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I was a student in the '60s, a time of social upheaval and questioning, and -- on a personal level -- an awakening sense of idealism. The war in Vietnam was raging, the Civil Rights movement was under way and pictures had a powerful influence on me. Our political and military leaders were telling us one thing and photographers were telling us another.
I believed the photographers and so did millions of other Americans. Their images fuelled resistance to the war and to racism. They not only recorded history -- they helped change the course of history. Their pictures became part of our collective consciousness and, as consciousness evolved into a shared sense of conscience, change became not only possible, but inevitable.
It puts a human face on issues which, from afar, can appear abstract or ideological or monumental in their global impact. What happens at ground level, far from the halls of power, happens to ordinary citizens one by one. And I understood that documentary photography has the ability to interpret events from their point of view. It gives a voice to those who otherwise would not have a voice.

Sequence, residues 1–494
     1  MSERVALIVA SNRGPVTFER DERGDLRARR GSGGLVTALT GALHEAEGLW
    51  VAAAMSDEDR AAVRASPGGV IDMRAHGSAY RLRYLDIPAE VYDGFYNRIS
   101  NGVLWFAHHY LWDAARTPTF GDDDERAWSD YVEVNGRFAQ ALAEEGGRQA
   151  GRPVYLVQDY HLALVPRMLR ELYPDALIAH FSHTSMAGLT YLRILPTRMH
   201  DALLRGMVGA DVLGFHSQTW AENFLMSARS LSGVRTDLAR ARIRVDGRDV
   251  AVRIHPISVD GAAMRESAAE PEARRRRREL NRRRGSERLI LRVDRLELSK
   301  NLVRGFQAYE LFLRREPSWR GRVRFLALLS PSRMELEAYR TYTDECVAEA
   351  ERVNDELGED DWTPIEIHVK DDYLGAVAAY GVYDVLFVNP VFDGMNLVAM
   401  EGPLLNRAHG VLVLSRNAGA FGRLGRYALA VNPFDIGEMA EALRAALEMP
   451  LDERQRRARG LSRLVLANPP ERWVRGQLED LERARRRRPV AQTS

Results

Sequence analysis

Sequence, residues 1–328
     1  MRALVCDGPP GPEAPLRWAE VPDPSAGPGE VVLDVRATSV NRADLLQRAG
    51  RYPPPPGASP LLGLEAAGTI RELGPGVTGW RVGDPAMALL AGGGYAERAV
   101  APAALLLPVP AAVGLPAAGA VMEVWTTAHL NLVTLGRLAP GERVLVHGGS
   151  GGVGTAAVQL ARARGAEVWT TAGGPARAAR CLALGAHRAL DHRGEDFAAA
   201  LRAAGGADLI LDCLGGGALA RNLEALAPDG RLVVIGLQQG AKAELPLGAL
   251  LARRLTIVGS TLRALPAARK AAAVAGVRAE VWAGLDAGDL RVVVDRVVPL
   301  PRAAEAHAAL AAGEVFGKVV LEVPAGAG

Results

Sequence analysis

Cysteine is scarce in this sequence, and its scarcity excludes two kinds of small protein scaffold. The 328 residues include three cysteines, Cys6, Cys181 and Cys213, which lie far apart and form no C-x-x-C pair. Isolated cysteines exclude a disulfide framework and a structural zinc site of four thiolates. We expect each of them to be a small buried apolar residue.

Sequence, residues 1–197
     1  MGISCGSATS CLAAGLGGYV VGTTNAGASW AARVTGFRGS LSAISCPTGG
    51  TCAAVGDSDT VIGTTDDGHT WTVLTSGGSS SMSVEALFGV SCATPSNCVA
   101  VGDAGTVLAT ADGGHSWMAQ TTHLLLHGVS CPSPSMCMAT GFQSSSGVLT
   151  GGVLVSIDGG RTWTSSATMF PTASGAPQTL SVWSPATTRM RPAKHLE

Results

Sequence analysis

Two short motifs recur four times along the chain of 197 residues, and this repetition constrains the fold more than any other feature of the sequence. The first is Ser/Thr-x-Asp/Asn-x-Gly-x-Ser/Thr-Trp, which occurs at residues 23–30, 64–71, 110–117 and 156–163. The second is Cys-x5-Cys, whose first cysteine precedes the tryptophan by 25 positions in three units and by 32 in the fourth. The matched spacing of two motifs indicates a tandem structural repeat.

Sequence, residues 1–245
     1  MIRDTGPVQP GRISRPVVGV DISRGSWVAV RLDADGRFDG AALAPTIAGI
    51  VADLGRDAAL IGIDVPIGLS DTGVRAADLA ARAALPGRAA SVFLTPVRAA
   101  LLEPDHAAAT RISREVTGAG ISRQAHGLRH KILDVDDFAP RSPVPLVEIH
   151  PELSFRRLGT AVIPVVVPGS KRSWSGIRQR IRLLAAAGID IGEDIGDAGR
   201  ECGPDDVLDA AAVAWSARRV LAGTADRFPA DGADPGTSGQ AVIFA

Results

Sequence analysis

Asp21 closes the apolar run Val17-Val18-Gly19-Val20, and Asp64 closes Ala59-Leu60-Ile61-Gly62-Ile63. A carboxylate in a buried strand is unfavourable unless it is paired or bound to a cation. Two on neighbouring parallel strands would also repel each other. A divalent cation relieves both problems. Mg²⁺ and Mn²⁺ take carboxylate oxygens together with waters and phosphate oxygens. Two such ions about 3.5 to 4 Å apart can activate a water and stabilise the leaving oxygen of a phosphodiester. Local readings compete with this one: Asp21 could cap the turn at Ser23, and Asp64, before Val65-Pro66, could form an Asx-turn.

My TED wish. There’s a vital story that needs to be told and I wish for TED to help me gain access to it and then to help me come up with innovative and exciting ways to use news photography in the digital era. Thank you very much.
[ TB is preventable and curable, ] [ but it is mutating due to inadequate treatment. ] [ XDR-TB: ] [ extreme drug resistant tuberculosis. ] [ There is no reliable cure. ] [ Patients often die within weeks of diagnosis. ] [ 49 countries have reported XDR-TB. ] [ XDR-TB is a critical threat to global health. ]
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Photojournalist James Nachtwey sees his TED Prize wish come true, as we share his powerful photographs of XDR-TB, a drug-resistant strain of tuberculosis that's touching off a global medical crisis. Learn how to help at http://www.xdrtb.org
Photojournalist James Nachtwey is considered by many to be the greatest war photographer of recent decades. He has covered conflicts and major social issues in more than 30 countries. Full bio »